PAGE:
Australian Economy

The “miracle” Australian economy (with its famous run of 24 years without a recession) is an amalgam of pre-modern and post-modern industries with very little in between.

Most economies run at least partially upon the productivity gains produced out of manufacturing and ‘making things’ but in Australia productive investment is supplanted with commodity exports (which make up half of exports) and the recycling of the resultant income is deployed as cash flow for borrowings offshore to pump house prices.

The former step is basically the selling of dirt, a pre-modern activity. The second step is managed via the sophisticated use of derivative markets and is essentially a post-modern activity.

Not that GDP cares given it is only the mindless measure of whirring widgets.

However, both of these activities systematically reduce economic competitiveness by inflating both input costs and the currency. “Dutch disease” by another name. This continuous “hollowing out” of productive activity means the broader economy relies heavily upon the non-stop import of capital, either in the form of debt or in the form of assets sold to foreigners, to generate ongoing income growth.

So long as the underlying income from dirt keeps flowing then the leveraging into house prices that supports consumption can continue, supported by both tax distortions and government spending.

If, however, the dirt income flow halts the hollowing out of modern industry will leave the Australian economy very exposed to a current account adjustment. We saw this in the global financial crisis but the flow of dirt income was restored sufficiently quickly to prevent any deep adjustment.

A second risk is that the debt accumulation simply becomes overly onerous for the underlying economy to service, also resulting in a current account adjustment. Well north of $1trillion of the debt is owned externally and household debt is a world-beating 186% of GDP so this is a real risk.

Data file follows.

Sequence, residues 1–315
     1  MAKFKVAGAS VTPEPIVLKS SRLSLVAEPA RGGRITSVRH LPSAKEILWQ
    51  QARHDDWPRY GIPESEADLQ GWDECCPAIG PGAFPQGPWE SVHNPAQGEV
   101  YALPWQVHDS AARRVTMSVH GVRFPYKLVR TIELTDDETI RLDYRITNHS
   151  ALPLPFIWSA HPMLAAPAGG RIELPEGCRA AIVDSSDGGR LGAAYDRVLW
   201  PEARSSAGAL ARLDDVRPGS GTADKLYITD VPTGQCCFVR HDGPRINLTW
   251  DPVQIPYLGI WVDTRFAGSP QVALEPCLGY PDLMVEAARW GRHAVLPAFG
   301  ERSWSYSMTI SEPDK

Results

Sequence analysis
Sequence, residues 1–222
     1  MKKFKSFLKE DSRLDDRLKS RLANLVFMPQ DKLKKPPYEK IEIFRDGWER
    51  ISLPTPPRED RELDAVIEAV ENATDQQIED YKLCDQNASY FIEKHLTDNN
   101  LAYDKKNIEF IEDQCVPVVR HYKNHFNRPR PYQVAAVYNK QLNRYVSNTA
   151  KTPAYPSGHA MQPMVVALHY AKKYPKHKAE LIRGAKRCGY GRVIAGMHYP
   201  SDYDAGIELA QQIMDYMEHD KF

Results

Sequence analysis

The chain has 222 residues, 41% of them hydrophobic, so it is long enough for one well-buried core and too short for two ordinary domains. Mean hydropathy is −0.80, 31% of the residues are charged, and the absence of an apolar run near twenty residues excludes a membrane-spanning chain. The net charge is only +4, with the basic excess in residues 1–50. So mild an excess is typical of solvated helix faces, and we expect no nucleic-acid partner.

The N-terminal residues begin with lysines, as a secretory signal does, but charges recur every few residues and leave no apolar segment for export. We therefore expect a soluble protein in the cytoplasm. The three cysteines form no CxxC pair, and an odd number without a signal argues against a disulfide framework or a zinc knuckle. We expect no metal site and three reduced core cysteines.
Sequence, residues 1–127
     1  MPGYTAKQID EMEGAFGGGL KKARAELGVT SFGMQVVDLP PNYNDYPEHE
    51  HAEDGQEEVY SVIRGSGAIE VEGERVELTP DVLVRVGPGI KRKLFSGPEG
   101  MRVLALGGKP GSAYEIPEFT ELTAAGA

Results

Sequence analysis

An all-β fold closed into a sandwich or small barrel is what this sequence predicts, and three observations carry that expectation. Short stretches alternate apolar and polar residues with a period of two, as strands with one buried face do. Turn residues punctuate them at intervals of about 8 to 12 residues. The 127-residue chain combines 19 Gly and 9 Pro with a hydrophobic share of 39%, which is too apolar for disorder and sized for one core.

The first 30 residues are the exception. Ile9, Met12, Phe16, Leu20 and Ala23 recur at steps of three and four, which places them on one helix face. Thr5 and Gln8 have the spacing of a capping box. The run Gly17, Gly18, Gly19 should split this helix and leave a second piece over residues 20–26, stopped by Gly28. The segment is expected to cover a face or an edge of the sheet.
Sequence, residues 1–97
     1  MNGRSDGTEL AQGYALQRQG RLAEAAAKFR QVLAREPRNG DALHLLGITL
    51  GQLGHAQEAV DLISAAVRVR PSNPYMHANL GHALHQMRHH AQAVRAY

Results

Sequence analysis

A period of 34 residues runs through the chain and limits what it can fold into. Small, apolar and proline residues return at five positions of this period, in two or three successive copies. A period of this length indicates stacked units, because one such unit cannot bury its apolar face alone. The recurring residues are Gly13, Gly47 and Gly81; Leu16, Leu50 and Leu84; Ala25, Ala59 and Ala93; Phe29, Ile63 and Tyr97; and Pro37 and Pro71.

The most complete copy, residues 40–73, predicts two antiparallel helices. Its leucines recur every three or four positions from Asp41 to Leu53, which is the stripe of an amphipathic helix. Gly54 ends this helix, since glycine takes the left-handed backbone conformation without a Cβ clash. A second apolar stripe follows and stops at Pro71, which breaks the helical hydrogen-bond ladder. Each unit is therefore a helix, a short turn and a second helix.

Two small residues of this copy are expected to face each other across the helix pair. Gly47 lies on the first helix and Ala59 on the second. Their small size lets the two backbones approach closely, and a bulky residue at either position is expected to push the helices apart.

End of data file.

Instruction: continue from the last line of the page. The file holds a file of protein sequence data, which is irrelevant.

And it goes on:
It is offset by a relatively clean public balance sheet that deploys fiscal stimulus in times of economic stress. However, in recent years, as both of the two above risks have increased, the public balance sheet has deteriorated as well, setting Australia up for a famous adjustment to end its famous bull run.

MacroBusiness covers all apposite data and wider analysis of these issues daily.


Sailing barley ships show limits of Chinese power

Via The Australian: Australian barley on its way to China has been diverted mid route to Japan and the United Arab Emirates following China’s decision to impose punitive trade tariffs on the grain. Four ships carrying Australian barley have changed course or cargo after rising trade tensions led to China — Australia’s biggest barley buyer


ScoMo: No extension to JobKeeper

Speaking to Sky News this morning, Prime Minister Scott Morrison pushed back against union calls to extend JobKeeper payments beyond its legislated late-September expiry date: “These are temporary measures and it is important that we get the economy out of ICU as quickly as we can. we can’t have Australians living on borrowed money for


Australian construction work fell in Q1

The ABS has released data on the value of construction work done for the March quarter of 2020, which registered another 1.0% seasonally-adjusted decline in total construction activity over the quarter – the seventh consecutive quarterly decline – and a 6.5% decrease over the year: However, the result beat analysts’ expectations of a 1.5% decline


UBS: Consumers ready to spend, borrow

Via the excellent George Tharenou: JobKeeper revised down materially from 6.5mn to 3.5mn = $60bn less spending Australian authorities found reporting errors which saw the number of people on JobKeeper revised materially down from 6.5mn to 2.9mn. The expected peak was also cut sharply from 6.0mn to 3.5mn; reducing the fiscal cost by $60bn, from $130bn


Travel ban threatens QLD jobspocalypse

Queensland Premier Annastacia Palaszczuk continues to face mounting pressure to open Queensland’s border to interstate tourists in time for the June school holidays. This comes as Palaszczuk has signalled that the state’s borders may not be reopened to interstate travellers until September. The AFR reports today that Gold Coast hotels are facing a $6 billion wipeout


“Jobfaker”: Scotty from Marketing rebrands nothing burger reform

Via the AFR: Scott Morrison will use $1.5 billion in federal funding as leverage to force nationwide change to the skills sector, and he will call for a new Accord-style relationship with trade unions and business, to help drive an economic recovery he envisages will take between three and five years. …”We must enable our


650,000 Aussies face COVID-19 lay-offs

The majority of the Morrison Government’s COVID-19 support measures are due to conclude at the end of September. These measures include the JobKeeper program, the expanded JobSeeker allowance, and the loan guarantee scheme for small and medium businesses. Although some sections of the economy are showing signs of recovery, the majority of economists believe that


When will the left stand up for Australian workers?